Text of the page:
The Hatcher Pass Road

Published 10:37 am Monday, January 23, 2017

by James D. Howell

We finish breakfast, grab the maps, load the car and head out. We turn north on the Glenn Highway. It’s the main route north and east from Anchorage. The road is a multilane, controlled-access highway, used daily by thousands of locals, military and tourists alike. I’ve been told in idle conversation that this pavement is carefully monitored and I should not speed. I pay attention.

There are several major intersections; it’s obvious that this pavement bisects the larger part of the valley floor between a mountain range to the south and the outflow of the Knik glacial waters on the north.

Some valleys between small hills to the south are popular housing areas for those that wish a more primitive experience. Most access roads are attached somehow to the Glenn Highway.

The side road marker reads “Mirror Lake”; I slow and turn right twice onto the narrow, paved access to a small park and, further along, a small parking lot with lake views and access. It’s a splendid, quiet, early morning view of imagined paradise. There, nestled on the far shore are lake houses, many with floatplanes tied up to a dock. We spend a few moments taking in the heady atmosphere of utopia.

The mountain road to Hatcher Pass calls and we continue on the road north. A couple of miles later, a signpost marks the Eklutna native village and cemetery. I make a mental note to put it on the “possible” list.

We pass the turnoff to the old Glenn highway; we will come back to Anchorage via that road from Palmer. The road crosses the wide tidal flats and the Knik River. On either side, the semi-forested flatlands are moose and other wildlife heaven. We give it our best hopeful scan, but see no massive beasts today.

The road splits: to the left is Wasilla and the Susitna River Valley, to the right is Palmer and the Matanuska River Valley. We turn right and stop at a Fred Meyer grocery store at the corner of the Palmer – Wasilla road.

These stores are part of the Alaska experience. It’s the place for a quick cup of coffee or a month’s worth of groceries and other supplies. We stop for a cup and snacks for the road ahead.

We also stop at a pullout for an overlook for the huge Matanuska river, mostly slow flowing this time of the year. With spring snowmelt, the waters are deep and tumultuous. The overlook is almost directly across from the Fishhook turnoff, our pathway to Hatcher Pass. We make it a quick look see and head toward the mountains.

The road passes obvious small acreage home sites and starts a slow climb through heavy woods. Fireweed becomes more prevalent along the woods edge. We stop at a turn in the road where countless others have stopped before. The Little Susitna River makes its final turn out of the mountains here. The icy waters have moved boulders from mountainsides to this last resting place. Water flow in the summer is greater in the afternoon. It takes some time for the water to get here from far up its valley.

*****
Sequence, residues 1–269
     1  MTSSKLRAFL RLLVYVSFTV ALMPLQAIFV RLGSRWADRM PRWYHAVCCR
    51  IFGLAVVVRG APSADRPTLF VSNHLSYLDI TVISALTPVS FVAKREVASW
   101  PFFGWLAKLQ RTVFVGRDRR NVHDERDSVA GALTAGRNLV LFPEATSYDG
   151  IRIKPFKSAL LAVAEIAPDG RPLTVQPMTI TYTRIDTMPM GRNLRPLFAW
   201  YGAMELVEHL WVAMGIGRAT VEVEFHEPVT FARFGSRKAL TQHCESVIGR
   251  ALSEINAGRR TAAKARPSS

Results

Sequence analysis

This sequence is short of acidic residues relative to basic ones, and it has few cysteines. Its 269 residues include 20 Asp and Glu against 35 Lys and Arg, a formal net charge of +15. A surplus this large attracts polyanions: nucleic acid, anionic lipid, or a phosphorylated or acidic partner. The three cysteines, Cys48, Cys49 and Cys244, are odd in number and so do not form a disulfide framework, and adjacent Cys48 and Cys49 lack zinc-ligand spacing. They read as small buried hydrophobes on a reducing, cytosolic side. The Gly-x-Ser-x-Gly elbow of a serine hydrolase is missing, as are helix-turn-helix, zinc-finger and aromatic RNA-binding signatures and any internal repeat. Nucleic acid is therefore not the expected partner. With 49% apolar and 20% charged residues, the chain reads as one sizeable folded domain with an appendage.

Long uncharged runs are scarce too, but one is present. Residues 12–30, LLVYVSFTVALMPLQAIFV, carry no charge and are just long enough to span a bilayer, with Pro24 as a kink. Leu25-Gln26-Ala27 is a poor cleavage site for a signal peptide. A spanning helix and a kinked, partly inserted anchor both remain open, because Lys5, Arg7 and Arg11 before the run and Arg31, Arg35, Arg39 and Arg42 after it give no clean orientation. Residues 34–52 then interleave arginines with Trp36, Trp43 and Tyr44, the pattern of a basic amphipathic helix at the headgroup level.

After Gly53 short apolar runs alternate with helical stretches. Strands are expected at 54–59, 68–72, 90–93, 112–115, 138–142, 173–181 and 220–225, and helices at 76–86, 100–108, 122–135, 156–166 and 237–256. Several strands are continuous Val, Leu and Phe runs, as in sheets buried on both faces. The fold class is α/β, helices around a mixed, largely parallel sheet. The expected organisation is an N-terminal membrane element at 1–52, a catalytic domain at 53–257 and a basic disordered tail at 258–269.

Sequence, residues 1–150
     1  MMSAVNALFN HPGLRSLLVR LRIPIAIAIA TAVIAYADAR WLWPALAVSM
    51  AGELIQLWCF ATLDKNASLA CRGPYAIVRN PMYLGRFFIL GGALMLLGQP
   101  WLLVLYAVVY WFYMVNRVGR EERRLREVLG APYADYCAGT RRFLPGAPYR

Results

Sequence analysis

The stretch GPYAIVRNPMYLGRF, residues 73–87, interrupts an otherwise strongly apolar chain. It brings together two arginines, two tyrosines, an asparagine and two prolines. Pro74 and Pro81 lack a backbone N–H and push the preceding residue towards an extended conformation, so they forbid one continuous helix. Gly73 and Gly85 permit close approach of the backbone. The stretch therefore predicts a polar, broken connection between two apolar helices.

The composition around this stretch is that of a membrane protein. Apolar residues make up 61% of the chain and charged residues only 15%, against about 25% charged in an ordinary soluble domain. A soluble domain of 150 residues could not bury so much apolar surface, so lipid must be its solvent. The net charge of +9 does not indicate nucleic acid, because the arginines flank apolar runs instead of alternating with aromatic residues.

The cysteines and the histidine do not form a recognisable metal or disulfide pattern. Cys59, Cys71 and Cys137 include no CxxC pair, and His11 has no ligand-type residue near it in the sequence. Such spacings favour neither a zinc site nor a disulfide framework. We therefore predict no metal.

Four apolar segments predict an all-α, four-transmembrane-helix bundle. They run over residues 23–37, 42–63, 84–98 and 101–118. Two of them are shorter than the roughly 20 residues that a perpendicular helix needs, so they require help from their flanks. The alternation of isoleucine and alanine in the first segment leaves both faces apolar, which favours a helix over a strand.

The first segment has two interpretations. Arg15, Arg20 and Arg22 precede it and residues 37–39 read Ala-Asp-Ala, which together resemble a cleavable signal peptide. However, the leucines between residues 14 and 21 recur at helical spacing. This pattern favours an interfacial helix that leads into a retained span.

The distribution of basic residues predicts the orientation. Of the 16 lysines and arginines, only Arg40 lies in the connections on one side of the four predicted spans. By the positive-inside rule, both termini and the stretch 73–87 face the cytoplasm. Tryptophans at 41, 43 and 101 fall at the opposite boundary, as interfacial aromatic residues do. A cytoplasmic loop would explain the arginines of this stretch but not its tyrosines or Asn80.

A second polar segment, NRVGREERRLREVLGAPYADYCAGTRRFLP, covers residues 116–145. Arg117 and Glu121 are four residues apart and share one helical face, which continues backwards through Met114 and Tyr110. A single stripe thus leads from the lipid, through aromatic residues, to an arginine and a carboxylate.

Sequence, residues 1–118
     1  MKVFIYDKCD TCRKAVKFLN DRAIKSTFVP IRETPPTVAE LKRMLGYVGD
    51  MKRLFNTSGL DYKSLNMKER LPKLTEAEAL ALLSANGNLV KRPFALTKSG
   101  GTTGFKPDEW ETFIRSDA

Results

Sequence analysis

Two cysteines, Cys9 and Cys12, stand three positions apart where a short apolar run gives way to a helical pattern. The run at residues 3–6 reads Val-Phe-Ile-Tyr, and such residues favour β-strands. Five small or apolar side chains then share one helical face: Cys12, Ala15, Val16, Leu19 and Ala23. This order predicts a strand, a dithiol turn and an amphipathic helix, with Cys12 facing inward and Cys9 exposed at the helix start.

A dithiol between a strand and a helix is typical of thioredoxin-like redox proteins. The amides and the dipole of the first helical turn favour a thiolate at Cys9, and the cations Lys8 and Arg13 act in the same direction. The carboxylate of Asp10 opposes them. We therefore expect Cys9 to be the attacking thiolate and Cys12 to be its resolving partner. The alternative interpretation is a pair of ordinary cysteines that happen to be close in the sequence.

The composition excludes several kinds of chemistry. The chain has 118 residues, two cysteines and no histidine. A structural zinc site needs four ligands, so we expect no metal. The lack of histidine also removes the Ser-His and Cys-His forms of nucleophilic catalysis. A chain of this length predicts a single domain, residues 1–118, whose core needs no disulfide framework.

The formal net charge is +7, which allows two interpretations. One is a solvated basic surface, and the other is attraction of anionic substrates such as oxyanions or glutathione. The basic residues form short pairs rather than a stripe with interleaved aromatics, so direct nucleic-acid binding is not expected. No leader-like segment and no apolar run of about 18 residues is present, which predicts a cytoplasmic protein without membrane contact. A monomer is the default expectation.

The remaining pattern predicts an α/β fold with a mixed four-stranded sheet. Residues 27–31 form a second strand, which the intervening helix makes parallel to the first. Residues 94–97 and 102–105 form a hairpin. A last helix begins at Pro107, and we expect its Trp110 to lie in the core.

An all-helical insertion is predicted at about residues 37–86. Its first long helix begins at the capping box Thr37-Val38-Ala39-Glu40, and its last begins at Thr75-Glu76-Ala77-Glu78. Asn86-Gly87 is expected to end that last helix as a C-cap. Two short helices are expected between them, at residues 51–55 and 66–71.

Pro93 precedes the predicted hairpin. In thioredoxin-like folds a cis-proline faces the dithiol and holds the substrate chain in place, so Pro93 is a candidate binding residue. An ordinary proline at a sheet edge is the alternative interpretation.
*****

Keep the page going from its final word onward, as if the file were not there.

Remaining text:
We return to the car and move along a recently paved road. My last visit here was on crushed rock.

Camping and picnic areas have been graded for better car access. The road makes its first switchback close by a gold mining tourist attraction offering fun sport and (maybe) native gold, panned from this river.

Overlooks from the road have been paved in some spots also. We pause at several, get out and enjoy looking across a wide valley toward Palmer. It’s a beautiful day; some fall color is already in the bracken.

We jog left at Hatcher Pass Lodge and our tires crunch on the crushed rock of Hatcher Pass road. The pass is a link between the Susitna valley on the far side and the Matanuska Valley behind us. Miners moved supplies over this road both directions in the more robust days of hard rock mines. A few active mines still dot the landscape, but the thrill is gone for most.

Independence Gold Mine State park is past the lodge in another direction. We’ll make it there another day.

For now, the road steepens, and what little traffic there is slows. We reach the top, cross over to the other side and stop at Summit Lake, a well marked stopping, outdoor hiking, hang gliding and picnicking spot. Several cars and recreation vehicles are stopped as well.

A few patches of fireweed still cling to their blossoms this late in the season. We walk around, breathe the clean air of altitude, and, a little reluctantly, head back to the valley floor. Old Glenn Highway is waiting for our return trip.                  

JAMES D. “ARCHIE” HOWELL is a Southampton County native and 1955 graduate of Franklin High School. He can be reached at